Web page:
“Criminalizing someone just for being homeless was not something that was either helping that person or helping the community in any way,” Mayor Adler says.

Houses, from above

During the 86th Texas Legislature, our Into the Fold podcast aired an episode on what it means to create meaningful housing options for people cycling in and out of homelessness. As Tanya Lavelle, that week’s guest and Hogg Foundation Policy Program Specialist, said, “If you’re connected with supportive housing options, then you really can focus on achieving recovery and not so much on achieving survival.”

In June, as part of an ongoing effort to support people experiencing homelessness and strengthen conditions that aid well-being and recovery, the Austin City Council voted to decriminalize the act of sitting, lying or camping in public places. The policy, which altered three city ordinances and went into effect the following month, has earned its fair share of detractors—Texas Gov. Greg Abbott among them—who cite fears for public safety and potential violations of private property as reasons for dissent.

Here to address the anxieties and challenge the misconceptions surrounding the policy is Austin Mayor Steve Adler, one of its most vocal proponents. He joins us for a conversation on the rights and well-being of people experiencing homelessness—and what the city of Austin is doing to secure both.

Homelessness: A Criminal Offense?

Before the Council voted otherwise, the city’s public safety officers could arrest and ticket people for “merely being homeless,” in the mayor’s words. The already precarious condition of homelessness, which more than 2,200 individuals across the city experience directly, was considered a criminal offense—and treated as such—even in the absence of aggressive or obstructive behavior.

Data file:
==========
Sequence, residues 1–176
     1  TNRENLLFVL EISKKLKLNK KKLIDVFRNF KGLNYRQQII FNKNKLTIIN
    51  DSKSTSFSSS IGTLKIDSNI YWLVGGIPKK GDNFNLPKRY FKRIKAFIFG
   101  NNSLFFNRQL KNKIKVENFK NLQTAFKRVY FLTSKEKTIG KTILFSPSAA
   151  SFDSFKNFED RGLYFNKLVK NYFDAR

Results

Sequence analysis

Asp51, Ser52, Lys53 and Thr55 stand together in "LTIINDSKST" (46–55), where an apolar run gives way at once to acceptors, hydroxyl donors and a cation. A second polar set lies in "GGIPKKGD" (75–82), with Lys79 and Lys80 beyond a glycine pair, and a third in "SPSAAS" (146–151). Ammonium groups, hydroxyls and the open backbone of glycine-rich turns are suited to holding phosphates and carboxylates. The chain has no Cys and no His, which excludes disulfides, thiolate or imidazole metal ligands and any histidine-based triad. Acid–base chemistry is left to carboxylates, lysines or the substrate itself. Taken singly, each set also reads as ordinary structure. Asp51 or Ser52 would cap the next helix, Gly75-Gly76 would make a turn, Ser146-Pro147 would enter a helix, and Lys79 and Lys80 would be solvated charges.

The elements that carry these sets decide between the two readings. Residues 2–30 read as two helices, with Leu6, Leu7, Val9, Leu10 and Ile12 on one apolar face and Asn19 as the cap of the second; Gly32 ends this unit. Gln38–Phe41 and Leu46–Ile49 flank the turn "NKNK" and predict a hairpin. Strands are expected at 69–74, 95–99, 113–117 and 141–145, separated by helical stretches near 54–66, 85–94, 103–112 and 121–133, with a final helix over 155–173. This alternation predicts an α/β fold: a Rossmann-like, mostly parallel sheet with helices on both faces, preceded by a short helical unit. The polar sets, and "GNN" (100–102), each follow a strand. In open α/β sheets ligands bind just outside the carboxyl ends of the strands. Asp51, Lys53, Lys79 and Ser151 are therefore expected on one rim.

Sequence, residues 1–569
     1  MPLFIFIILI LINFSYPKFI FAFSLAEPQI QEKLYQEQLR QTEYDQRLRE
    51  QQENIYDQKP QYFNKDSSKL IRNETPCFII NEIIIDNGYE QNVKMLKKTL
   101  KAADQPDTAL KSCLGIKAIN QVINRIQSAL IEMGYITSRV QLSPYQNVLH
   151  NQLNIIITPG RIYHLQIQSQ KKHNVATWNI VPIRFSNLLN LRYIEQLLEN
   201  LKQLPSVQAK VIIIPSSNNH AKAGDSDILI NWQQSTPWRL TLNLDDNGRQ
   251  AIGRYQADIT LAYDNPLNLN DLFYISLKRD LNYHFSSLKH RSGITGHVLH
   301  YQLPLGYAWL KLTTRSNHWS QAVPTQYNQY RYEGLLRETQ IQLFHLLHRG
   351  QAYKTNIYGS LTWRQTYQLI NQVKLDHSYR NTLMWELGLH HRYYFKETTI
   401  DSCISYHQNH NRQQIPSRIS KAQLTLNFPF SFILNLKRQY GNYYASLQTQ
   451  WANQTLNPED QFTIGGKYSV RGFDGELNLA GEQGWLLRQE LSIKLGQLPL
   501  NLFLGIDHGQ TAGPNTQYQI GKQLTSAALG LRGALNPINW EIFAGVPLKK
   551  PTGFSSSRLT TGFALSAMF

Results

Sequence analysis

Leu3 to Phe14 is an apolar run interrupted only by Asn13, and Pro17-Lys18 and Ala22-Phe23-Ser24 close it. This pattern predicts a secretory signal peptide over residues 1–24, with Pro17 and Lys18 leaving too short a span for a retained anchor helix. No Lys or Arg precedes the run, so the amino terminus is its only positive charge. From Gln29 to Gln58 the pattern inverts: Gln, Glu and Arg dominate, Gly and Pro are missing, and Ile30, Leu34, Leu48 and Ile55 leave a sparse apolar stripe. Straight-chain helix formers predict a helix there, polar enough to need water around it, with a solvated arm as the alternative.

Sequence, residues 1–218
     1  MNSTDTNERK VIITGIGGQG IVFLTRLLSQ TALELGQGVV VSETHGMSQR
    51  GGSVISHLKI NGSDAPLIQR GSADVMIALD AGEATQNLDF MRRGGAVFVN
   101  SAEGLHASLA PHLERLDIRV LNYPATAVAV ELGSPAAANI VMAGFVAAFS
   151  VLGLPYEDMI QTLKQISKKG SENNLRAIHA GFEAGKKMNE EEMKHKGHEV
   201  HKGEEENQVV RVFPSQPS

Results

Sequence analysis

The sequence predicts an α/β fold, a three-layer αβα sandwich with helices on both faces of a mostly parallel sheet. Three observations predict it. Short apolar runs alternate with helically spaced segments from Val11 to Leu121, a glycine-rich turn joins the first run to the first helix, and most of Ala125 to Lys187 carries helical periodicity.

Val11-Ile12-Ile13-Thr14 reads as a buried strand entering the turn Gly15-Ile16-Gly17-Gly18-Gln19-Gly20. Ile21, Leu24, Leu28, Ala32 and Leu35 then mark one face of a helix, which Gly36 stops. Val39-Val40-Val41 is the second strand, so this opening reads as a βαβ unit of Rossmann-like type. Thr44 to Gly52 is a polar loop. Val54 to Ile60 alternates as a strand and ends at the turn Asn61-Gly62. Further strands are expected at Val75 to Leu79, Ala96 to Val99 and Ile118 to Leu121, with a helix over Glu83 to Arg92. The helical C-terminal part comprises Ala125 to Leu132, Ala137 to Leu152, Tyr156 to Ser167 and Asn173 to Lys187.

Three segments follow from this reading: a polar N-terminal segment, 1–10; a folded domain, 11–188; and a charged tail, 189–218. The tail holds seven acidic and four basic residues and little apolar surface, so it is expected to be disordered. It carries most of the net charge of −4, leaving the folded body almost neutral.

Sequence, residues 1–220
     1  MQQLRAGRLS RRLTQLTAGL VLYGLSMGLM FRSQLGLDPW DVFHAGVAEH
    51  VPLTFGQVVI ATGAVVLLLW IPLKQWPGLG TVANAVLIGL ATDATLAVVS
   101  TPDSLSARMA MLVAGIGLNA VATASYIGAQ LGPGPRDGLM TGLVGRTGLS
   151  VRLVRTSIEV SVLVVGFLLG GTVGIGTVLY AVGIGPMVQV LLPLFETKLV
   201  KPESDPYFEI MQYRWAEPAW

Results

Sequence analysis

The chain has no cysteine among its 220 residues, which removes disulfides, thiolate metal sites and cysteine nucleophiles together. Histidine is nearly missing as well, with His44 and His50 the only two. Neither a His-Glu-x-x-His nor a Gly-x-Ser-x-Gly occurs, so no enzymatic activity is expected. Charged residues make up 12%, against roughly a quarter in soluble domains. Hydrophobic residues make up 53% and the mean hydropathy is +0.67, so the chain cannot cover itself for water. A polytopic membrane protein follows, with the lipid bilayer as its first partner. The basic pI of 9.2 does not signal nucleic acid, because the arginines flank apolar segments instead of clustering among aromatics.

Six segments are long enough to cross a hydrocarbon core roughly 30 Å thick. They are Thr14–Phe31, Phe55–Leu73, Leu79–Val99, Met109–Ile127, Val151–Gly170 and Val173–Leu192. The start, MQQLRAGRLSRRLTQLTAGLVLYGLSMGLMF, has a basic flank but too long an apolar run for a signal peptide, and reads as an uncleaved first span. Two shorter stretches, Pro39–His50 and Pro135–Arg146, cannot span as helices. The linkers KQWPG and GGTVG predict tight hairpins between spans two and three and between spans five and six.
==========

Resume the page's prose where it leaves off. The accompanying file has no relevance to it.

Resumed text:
According to Mayor Adler, ejecting people from public spaces by way of threat or force when they have nowhere else to go was neither reducing homelessness nor “helping the community in any way.” In the last year alone, the number of people experiencing homelessness rose by five percent. “A city as rich and powerful as Austin ought to be able to do better for those people,” he says.

Mayor Adler rejects claims that the policy, in benefitting the well-being of Austin’s homeless population, does so at any cost to public health. Provisions remain in place that protect private property and prohibit illicit activities like blocking, impeding and inciting confrontation. “It’s forcing the community to actually deal with the underlying and substantive challenge,” he says, “rather than being able to move people around or arrest people.”

Achieving Safety and Livability for All

Critics that frame the decriminalization of homelessness as a public safety hazard, Mayor Adler says, serve to divert attention from the policy’s ultimate goal: getting people off the streets and into shelters and supportive housing. “People are talking about one little piece of what we did out of the context of what we did overall,” he says.

The bigger picture includes the opening of 50 supportive housing units this fall, the coordination of an investor-backed fund for permanent supportive housing with Travis County and local hospitals, and the construction of a new emergency shelter in South Austin. Last fall, a City Council-approved increase in funds also allowed Austin’s Homeless Outreach Street Team (HOST) to onboard a certified peer specialist that can use their lived experience of homelessness to assist patrols.

Before the Texas Legislature reconvenes in a year and half, Mayor Adler hopes the policy will generate results impressive enough to earn the support of state legislators and Gov. Abbott. But as long as the cost of living keeps growing—and livability for people losing and without homes keeps deteriorating—the city will need to scale up what works and discard what doesn’t.

“We have to sometimes continue on, recognizing that there will always be objections to change,” Mayor Adler says.


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